but if written 2000 it reprrscnts two thou- 
winds, bdcausr the fourth column contwins 
■inly Ihotunnds, ns thi^ lirst contiiins only 
unitn. To writ« in words tin- mwvning of 
a nuniliiT t-STpn'Sscd in ligun-s is cnllfd 
numeral ion. To rtpr(>SPnt by ligurefi a 
numlH?r ocprcssiKl in words is ciilli-d nntrt- 
tion. Tilt! nuinbi?r of units of a given 
I onlei- Uikeu to form a unit of the rioit 
highei' order is called tlie twiae of t!i<! 
system. In our Kyst^'Ui the biise is ten, 
and it is hence culled the decimal systt-ni 
{dfcuni ^ ten). 

The four fundamental operations are 
^ addition, subtraction, multiplication, and 
I division. Or the same statement' may be 
made another way, by Mying the funda- 
mental operations are addition and its 
opposite, and multiplication and its op- 
posite. When any given numbers are 
added togethei- the result is called their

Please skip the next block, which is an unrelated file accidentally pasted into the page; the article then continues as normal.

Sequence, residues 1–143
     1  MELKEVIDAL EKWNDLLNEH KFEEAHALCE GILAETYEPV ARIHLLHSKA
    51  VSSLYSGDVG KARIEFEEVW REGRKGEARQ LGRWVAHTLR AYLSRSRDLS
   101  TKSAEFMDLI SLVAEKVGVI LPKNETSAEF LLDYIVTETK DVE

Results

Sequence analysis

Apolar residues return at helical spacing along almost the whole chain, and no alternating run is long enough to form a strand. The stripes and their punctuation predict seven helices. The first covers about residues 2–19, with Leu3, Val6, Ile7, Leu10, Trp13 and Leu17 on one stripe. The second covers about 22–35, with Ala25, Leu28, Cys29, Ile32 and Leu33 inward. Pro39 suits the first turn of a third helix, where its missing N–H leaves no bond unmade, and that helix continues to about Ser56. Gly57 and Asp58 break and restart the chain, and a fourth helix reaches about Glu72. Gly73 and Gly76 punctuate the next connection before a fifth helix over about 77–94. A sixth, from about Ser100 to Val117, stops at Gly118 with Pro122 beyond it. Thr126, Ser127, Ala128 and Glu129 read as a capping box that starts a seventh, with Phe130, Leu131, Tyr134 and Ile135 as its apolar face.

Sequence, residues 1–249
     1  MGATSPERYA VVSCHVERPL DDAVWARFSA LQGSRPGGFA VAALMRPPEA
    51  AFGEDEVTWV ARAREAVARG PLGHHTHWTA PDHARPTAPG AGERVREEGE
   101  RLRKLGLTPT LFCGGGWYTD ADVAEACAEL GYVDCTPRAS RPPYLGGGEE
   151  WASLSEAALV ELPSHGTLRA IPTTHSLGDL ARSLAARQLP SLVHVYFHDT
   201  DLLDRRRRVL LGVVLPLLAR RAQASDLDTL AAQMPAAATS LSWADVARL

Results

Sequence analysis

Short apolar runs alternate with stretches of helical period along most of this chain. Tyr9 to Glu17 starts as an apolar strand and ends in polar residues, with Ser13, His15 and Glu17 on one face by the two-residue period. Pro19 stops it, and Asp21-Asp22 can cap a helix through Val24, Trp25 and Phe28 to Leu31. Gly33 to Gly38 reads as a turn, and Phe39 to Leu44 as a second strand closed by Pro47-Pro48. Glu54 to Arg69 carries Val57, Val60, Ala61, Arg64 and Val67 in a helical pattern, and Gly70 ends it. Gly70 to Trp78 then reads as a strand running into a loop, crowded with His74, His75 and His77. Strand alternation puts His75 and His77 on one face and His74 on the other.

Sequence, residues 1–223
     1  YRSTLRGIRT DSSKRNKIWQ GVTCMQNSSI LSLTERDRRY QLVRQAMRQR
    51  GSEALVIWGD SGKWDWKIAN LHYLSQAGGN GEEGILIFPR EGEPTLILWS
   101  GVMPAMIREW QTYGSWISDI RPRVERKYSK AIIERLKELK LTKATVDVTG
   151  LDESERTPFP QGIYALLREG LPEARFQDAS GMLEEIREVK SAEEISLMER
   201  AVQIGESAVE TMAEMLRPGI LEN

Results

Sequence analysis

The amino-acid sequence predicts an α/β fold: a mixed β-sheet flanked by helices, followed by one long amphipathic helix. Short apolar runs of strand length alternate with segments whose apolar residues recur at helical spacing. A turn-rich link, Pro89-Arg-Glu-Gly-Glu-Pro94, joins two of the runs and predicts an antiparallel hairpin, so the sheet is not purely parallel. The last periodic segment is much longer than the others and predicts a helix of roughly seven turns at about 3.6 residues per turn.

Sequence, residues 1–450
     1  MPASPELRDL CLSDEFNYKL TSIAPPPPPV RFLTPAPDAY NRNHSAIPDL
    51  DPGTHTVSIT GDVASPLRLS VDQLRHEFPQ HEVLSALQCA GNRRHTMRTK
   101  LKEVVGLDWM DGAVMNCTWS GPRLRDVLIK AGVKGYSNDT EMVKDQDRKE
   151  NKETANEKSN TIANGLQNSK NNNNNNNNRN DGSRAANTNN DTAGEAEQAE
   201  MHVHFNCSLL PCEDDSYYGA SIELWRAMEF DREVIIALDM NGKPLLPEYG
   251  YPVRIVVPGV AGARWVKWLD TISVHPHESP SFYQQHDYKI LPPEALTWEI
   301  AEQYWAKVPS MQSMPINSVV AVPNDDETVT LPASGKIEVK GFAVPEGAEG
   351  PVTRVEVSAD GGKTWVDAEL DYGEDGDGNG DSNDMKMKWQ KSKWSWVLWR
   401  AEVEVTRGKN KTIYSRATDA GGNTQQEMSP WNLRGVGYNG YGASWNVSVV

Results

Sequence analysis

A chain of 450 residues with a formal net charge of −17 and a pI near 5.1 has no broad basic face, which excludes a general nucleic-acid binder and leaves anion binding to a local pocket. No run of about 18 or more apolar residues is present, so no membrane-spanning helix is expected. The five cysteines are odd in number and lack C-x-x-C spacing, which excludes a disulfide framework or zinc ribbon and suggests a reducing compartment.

sum. This apparently simplest operation 
has but one difficulty, which is cnlled 
' cariying' — i.e. if the sum of thi? units in 
any line exceeds nine, the tens arc cvirricd 
ns unitn to the next highest line or order. 
When n smaller number is tnken from a 
gi-eater the greater is callofi the minuend, 
the smaller the sulitrahenit, and the uum- 
ln'r left the remainder, the whole opt-ra- 
tion being called subtraction. Subtrac- 
tion ia performed in two ways -either by 
the English methorl, in which when we 
lake a. greater from a less we borrow one 
fi-(jni the nest order and tlieii pay it buck 
hy adding one to the siilitiii.lieu() ; or tlie 
French method, in which it la uaual to 
boiTOW ii/molutrly from the next order in 
thi? minuend, so that no paying back is 

Multiplication is the operation by 
which we tind tho sum of a [;iven numl>er 
n-|H'itt('d aa many times as there are o»m*